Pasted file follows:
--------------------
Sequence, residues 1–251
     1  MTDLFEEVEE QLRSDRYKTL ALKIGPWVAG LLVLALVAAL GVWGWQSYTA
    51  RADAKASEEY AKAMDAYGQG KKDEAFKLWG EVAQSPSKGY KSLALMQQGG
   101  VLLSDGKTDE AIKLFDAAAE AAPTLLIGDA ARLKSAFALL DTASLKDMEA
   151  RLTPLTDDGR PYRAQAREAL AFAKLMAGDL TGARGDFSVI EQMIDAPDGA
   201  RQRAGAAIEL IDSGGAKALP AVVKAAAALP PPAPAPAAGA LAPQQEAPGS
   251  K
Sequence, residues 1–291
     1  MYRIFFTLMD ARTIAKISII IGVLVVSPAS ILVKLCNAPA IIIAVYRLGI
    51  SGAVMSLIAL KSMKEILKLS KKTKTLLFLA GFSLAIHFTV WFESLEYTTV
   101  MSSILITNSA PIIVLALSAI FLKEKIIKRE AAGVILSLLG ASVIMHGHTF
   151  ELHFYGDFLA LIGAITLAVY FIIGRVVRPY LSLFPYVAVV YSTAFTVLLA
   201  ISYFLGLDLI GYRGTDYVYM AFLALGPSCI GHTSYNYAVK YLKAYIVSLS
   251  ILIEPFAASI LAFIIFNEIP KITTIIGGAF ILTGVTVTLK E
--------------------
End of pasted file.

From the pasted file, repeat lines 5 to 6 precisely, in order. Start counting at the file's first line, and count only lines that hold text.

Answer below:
   151  RLTPLTDDGR PYRAQAREAL AFAKLMAGDL TGARGDFSVI EQMIDAPDGA
   201  RQRAGAAIEL IDSGGAKALP AVVKAAAALP PPAPAPAAGA LAPQQEAPGS